The Rays don’t have that luxury. They’re ready to win in 2015, and subtracting Price while adding nothing to the ML roster doesn’t help them in any way, shape, or form. Like Jeff said, they could’ve chose a lower floor with a high ceiling or they could’ve chose a higher floor with a lower ceiling. Given their position to be winners immediately, they went with the option that will help their teams do so.

vonstott
Member
vonstott
1 year 11 months ago

“You offer Tavares as an example of the most valuable commodity there is –”

Read it again.

“The most valuable asset in baseball is the young and cheap star. That’s the guy who delivers a great performance for something close to the league minimum. Then you’ve got the high-level prospects who are knocking right on the door. This is a player like Oscar Taveras.”

Taveras is clearly part of the second group, not the first.

BubbaBiscuit
Member
BubbaBiscuit
1 year 11 months ago

The Cubs would certainly consider trading Addison Russell for Smyly, Franklin and Adames depending on how much money is included, how badly that money is needed to them, where they think they are on the win curve this season and the near future, and how much they, internally, value the 4 players involved individually and in comparison to players they currently have.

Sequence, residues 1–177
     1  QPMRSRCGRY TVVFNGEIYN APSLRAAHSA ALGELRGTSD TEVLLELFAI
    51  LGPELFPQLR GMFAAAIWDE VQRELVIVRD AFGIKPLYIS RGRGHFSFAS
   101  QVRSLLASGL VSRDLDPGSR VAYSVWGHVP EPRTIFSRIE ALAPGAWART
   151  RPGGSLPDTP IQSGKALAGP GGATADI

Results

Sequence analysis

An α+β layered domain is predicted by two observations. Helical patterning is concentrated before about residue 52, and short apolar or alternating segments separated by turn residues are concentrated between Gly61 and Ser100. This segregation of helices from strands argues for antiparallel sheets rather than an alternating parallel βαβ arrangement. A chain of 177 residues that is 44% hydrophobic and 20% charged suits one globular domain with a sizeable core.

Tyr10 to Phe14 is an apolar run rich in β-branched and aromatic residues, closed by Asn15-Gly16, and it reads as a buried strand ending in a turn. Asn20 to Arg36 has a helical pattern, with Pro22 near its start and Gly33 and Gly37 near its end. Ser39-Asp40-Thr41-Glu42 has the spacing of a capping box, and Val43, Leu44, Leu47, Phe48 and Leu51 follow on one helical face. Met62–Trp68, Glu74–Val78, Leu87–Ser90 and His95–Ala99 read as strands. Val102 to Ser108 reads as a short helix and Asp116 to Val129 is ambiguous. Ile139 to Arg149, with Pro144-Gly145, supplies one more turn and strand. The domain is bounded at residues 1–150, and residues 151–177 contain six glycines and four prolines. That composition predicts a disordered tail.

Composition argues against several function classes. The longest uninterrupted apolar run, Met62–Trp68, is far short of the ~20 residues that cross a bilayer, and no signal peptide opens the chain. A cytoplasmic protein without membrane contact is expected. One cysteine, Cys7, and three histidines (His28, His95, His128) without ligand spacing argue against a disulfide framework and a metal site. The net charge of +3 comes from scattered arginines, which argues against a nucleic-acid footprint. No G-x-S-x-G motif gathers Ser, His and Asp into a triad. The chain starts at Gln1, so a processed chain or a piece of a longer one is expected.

Craig Kline
Guest
Craig Kline
1 year 11 months ago

No the Cubs certainly would not consider trading Russell for Price/Franklin/Adames.

Russell is going to debut in the bigs next year. The Cubs are no in any place to compete this year, so the soonest they would look to compete is next year. Oliver projects Russell to be a 4+ WAR starting in 2015 and going forward, becoming a 5+ WAR player in 2017.

You can’t logically argue “the Cubs would make ‘X-crazy trade’…depending on how much they need money and how much money was thrown in” when you know that they do not need the money. Sure, any club would make a terrible trade if $400M were thrown in, but that is an unrealistic amount of money. It is obviously not true that a few million could cause the Cubs to trade Russell for Smyly/Franklin/Adames.

Ruben Amaro Jr.
Guest
Ruben Amaro Jr.
1 year 11 months ago

Also, you like a lot of other people seem to be forgetting that Hammel was part of that trade too. And he wasn’t an insignificant part.

jdbolick
Member
Member
1 year 11 months ago

Drew Smyly and Tommy Milone are left-handed starting pitchers both entering arbitration for the first time after this season. Smyly throws a little harder and therefore gets strikeouts a little more often, but otherwise the two are extremely similar. Minnesota acquired Milone for a backup defensive outfielder. Tampa Bay acquired Smyly as their main piece for David Price. I don’t understand why Sullivan and Cameron are trying to sell the narrative that Friedman did the right thing here when he very clearly did not. If this is the absolute best the Rays were offered, they should have waited and moved Price during the off-season.

Craig Kline
Guest
Craig Kline
1 year 11 months ago

You are obviously correct that Milone and Smyly are similar pitchers by nearly every metric. Milone has a 4.19 xFIP for his career, Smyly has a 3.96 xFIP over two seasons as a SP. No doubt, Smyly is slightly better, no one is arguing Milone is “just as good.”